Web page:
Our feelings about Genesys are much more mixed. Personally, we felt that the company lost its edge and keenness, when student numbers grew to over 20, in 1999-2000. We don’t know whether the difficulties that last year’s projects ran into can be attributed directly to company size, whether they reflect difficulties in supervising such intensive project work adequately with a ratio of 1 supervisor to every 3 project teams, or 10-12 students. Or whether they reflect problems in software engineering methodologies.
In 1999-2000, we feel that we failed to manage most of my projects as we would have wished. The students failed to estimate effort, allowed projects to increase dramatically in scope and did not reflect on proper control of their projects, no matter how hard we exhorted them to plan, concentrate on delivering key functionality, justify changes and additions and re-plan. Perhaps we were trying too hard and were not taken seriously! perhaps it just demonstrates that the academic software engineering approach just does not adapt well to projects where the time to market is so short.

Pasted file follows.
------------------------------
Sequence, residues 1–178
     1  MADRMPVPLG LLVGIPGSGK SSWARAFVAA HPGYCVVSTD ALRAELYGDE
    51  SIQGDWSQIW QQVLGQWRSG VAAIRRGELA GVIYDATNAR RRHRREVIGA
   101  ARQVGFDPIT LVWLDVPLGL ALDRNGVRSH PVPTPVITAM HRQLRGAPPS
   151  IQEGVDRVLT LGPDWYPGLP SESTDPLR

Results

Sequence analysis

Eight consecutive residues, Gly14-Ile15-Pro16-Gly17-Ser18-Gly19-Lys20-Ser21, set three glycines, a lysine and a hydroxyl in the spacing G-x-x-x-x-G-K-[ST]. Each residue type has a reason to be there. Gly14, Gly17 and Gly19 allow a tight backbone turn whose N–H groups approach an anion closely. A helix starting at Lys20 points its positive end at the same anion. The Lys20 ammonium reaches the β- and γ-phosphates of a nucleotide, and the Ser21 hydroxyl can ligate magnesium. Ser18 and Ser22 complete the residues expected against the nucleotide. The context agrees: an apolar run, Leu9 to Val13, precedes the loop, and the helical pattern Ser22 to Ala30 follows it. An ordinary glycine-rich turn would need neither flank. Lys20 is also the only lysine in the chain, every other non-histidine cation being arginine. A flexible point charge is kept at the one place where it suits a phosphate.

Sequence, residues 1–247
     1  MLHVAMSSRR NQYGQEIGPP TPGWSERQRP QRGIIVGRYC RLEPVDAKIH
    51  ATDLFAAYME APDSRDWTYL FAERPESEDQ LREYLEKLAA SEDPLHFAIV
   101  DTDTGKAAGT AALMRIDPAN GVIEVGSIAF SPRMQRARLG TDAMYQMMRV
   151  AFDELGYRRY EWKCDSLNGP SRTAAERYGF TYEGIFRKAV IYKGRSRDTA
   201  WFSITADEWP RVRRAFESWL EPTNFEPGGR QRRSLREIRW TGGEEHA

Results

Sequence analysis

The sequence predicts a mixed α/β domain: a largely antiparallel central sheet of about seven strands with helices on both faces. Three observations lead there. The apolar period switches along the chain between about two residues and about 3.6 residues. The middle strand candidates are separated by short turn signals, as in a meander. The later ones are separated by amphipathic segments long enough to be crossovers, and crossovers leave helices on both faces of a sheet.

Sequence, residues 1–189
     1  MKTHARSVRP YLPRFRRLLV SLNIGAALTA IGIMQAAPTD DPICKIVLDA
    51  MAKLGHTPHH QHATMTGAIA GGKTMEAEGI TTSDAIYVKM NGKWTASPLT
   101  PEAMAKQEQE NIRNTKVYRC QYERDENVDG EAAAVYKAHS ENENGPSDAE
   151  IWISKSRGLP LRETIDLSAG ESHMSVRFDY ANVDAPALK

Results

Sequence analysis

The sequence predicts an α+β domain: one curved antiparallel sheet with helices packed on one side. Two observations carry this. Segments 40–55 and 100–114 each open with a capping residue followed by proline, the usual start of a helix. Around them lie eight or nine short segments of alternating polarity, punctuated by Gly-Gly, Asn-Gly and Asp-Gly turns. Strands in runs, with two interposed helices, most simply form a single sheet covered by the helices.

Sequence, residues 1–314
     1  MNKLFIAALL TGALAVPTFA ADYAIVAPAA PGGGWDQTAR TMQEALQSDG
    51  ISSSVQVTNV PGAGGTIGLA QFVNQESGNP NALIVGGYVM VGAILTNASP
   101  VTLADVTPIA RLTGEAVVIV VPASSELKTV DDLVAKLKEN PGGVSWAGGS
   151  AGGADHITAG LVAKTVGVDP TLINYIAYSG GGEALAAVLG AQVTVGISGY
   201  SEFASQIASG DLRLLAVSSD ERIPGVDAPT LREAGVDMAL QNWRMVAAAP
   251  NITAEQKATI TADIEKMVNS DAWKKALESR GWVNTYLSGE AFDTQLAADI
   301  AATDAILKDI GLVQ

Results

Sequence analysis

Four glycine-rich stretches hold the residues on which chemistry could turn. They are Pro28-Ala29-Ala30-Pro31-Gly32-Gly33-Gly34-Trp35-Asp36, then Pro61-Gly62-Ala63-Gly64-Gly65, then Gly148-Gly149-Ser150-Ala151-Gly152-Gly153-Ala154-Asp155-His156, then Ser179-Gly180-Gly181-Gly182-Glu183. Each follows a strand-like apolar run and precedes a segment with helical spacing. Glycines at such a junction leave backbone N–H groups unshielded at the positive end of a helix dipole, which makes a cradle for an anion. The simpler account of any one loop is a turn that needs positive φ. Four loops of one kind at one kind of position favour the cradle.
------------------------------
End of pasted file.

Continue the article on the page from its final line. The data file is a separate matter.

We also think that as supervisors we may have divorced ourselves too far from the client, in our desire to give autonomy to the students. In general, I think the student-client communications, even at fourth year level, do need “shadowing”. Clients need to be assured that they can talk directly with supervisors, particularly if they are not happy about student performance.
We would strongly advocate the introduction of formal presentations for Genesys students at the end of each term, at which the students report back on progress to both supervisors and clients together. This would serve three useful purposes. The students would undertake a serious review of project requirements, methods and achievements and be asked to explain and justify their project activities to a wider audience. Feedback to Genesys clients would be improved. Supervisors and clients could form a shared assessment of students, on the basis of the quality of the presentation, which could lead to a saving of time in the assessment process.
Last year, we also felt that we were straining to use the right development methods and tools for the set of clients’ demands. Finding a usable method or set of development techniques suitable for extensive Internet-related development will be very important to Genesys’s future success. We would really welcome Genesys being afforded the opportunity to test out different approaches to software development, such as XP and FDD. We would also like to see what they can do with a Linux-based Web development environment and what they can do with Java, now that this level of student has a fairly thorough grounding in the language.